To the extent possible, I don’t want anyone else to go into this process blind as woefully uninformed as I was.  This goal of this website is twofold:  First, offering a resource database for all thing ICPSD by offering information based on my personal experience, research, and if I may be so bold, my opinions as to the currently “unknown” issues that afflict patients with Intracranial Pressure Spectrum Disorder.   Helping others understand how serious this condition is (to this day, no doctor has EVER discussed this with me, but I’ve come to figure it out the hard way), and to advise each person to question everything they are told until they receive an explanation they are comfortable with, and to find another doctor if the one in front of you seems unwilling to answer your questions.  The second goal is to challenge doctors, from PCPs right up to Neurologists and Neurosurgeons to STOP; take the time to listen to us and talk with us, not at us.  We know your time is valuable.  Guess what: so is ours, arguably more so than yours.  If you lose a day, it’s not as big a deal as if a patient working two jobs to pay for their mortgage AND health insurance AND medical bills misses a day.  We have to arrange childcare, draw from Leave and Sick Days at jobs, drive/wait/get home late repeat just to come see you.  If my experience is any indication, ICPSD patients miss a lot of days.  Thus, if the tone here comes across as testy and somewhat irritable, be assured it’s a well earned sentiment and the result of significant self control over the true magnitude of what I’m feeling as a result the loss this condition has caused, and the sense of betrayal at the hands of a medical community that seems to have lost touch with the concepts of compassion and empathy because those qualities don’t have an ICPD Code.  This is not blind criticism; I am truly filled with equal parts disbelief and dismay that in the year 2017 so little seems to be understood about such a crucially important physiology (why????) , and the manner in which decisions regarding the treatment of that physiology are made, and the stone-age crudity of the medical devices intended to regulate such an enormously important system.    Heart patients can monitor their pacemakers with their phones, but even with a catheter in our brains, shunt patients have no method of measuring their intracranial pressures non-invasively, and the current generation of shunts are completely mechanical, with no provisions for real-time feedback to help doctors make better decisions.   At my hospital, there is no follow up program for shunt patients, wasting the potentially valuable feedback from a pool of patients that could potentially improve future treatment.   There has to be a better way, so I’m putting my own skin in the game to help as best I can.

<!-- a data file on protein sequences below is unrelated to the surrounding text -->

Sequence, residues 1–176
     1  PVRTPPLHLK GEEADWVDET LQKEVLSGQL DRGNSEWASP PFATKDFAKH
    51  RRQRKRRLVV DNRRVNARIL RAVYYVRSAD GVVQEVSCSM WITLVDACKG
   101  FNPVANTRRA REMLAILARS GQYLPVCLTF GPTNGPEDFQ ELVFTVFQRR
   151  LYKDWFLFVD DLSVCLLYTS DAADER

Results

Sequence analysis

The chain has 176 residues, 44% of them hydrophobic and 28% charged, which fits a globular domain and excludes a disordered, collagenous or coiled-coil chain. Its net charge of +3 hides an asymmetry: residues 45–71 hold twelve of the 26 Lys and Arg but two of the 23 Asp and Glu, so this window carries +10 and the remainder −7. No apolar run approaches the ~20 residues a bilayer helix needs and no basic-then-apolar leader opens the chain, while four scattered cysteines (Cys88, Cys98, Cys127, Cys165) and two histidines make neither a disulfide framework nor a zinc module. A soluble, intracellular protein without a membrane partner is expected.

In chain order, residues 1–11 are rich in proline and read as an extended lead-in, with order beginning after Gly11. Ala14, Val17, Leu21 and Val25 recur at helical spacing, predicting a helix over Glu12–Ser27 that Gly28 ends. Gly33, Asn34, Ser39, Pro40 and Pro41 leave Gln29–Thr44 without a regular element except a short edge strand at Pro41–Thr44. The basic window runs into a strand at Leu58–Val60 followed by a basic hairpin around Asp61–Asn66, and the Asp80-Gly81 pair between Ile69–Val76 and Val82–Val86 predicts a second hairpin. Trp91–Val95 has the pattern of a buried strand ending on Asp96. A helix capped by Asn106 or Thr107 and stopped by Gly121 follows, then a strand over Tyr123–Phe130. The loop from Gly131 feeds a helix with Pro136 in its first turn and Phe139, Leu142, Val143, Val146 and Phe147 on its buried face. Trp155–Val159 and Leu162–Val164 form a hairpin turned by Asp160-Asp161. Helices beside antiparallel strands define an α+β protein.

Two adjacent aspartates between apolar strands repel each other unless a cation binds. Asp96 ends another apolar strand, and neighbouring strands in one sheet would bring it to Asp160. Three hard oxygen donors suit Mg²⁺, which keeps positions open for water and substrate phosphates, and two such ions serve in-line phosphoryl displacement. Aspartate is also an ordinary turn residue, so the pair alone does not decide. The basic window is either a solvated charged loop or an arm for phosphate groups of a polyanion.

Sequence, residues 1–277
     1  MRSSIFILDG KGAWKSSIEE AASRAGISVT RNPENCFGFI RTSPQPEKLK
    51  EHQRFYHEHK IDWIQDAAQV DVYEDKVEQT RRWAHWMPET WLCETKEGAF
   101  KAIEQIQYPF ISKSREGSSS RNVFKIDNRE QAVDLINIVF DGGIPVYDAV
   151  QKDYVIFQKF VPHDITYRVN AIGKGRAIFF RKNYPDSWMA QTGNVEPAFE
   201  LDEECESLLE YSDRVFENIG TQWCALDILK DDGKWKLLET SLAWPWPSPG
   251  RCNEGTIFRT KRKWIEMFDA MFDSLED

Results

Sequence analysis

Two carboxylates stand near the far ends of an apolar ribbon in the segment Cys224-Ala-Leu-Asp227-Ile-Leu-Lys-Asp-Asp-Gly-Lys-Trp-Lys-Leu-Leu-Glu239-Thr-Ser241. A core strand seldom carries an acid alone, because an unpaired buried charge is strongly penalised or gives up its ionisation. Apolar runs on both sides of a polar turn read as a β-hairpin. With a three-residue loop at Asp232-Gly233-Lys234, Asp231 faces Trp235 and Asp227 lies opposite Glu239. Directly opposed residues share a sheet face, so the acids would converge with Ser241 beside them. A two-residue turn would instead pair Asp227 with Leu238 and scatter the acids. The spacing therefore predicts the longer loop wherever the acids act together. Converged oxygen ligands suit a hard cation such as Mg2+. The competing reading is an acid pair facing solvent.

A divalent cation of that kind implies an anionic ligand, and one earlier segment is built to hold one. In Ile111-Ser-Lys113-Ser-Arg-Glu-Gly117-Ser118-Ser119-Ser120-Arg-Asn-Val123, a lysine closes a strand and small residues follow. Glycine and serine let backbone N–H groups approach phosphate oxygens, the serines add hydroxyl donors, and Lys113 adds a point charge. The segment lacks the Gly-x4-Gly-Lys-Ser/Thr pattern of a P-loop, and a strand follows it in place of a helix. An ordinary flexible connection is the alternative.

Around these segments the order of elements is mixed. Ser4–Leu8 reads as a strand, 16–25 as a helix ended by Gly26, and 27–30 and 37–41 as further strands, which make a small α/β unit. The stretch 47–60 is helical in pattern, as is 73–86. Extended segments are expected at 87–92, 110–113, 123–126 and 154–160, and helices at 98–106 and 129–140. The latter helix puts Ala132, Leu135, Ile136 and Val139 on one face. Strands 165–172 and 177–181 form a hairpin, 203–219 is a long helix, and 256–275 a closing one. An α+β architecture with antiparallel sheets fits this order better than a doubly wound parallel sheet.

Understand that I am not a physician.  I’m a disabled dentist with a hole in his head and a tube in his brain who happened to have a little extra training in medicine.  As such, don’t take my word over your doctor’s; don’t base your health care decisions solely on what I put in this website.  Some of it comes from my own personal experience, and if I’ve learned one thing in this, it’s that each patient is different.   The attempts I make to explain currently unexplained phenomena of ICSPD are works in progress based on research and Internal Medicine theory, but until they are affirmed in whole or part by proper scientific research, they are just that: theory.  I post these theories in an attempt to spark awareness amongst patients and to prod specialists with a narrow focus to look outside of their own “zone” for possible explanations.  “Idiopathic” does not mean there is no explanation for ICSPD; there is always an explanation for a physical condition; just perhaps it will be discovered tomorrow or next week or next year – or this afternoon.  Then we can do away with the term “idiopathic” and start to do something to treat, and ultimately prevent this condition.